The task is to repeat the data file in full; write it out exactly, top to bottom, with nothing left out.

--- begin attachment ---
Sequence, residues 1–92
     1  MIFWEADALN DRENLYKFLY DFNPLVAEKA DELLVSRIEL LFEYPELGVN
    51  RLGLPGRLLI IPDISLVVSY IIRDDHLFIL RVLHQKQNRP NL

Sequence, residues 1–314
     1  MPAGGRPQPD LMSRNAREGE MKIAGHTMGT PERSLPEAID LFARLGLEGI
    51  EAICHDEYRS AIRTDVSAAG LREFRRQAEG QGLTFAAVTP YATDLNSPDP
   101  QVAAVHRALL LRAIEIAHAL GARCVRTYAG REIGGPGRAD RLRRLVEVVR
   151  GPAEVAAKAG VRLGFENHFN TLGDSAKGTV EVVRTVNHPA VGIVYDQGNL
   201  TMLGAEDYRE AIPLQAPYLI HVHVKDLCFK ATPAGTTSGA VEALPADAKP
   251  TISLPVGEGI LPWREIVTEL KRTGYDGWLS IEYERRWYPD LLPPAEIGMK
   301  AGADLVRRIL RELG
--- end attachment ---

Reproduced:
Sequence, residues 1–92
     1  MIFWEADALN DRENLYKFLY DFNPLVAEKA DELLVSRIEL LFEYPELGVN
    51  RLGLPGRLLI IPDISLVVSY IIRDDHLFIL RVLHQKQNRP NL

Sequence, residues 1–314
     1  MPAGGRPQPD LMSRNAREGE MKIAGHTMGT PERSLPEAID LFARLGLEGI
    51  EAICHDEYRS AIRTDVSAAG LREFRRQAEG QGLTFAAVTP YATDLNSPDP
   101  QVAAVHRALL LRAIEIAHAL GARCVRTYAG REIGGPGRAD RLRRLVEVVR
   151  GPAEVAAKAG VRLGFENHFN TLGDSAKGTV EVVRTVNHPA VGIVYDQGNL
   201  TMLGAEDYRE AIPLQAPYLI HVHVKDLCFK ATPAGTTSGA VEALPADAKP
   251  TISLPVGEGI LPWREIVTEL KRTGYDGWLS IEYERRWYPD LLPPAEIGMK
   301  AGADLVRRIL RELG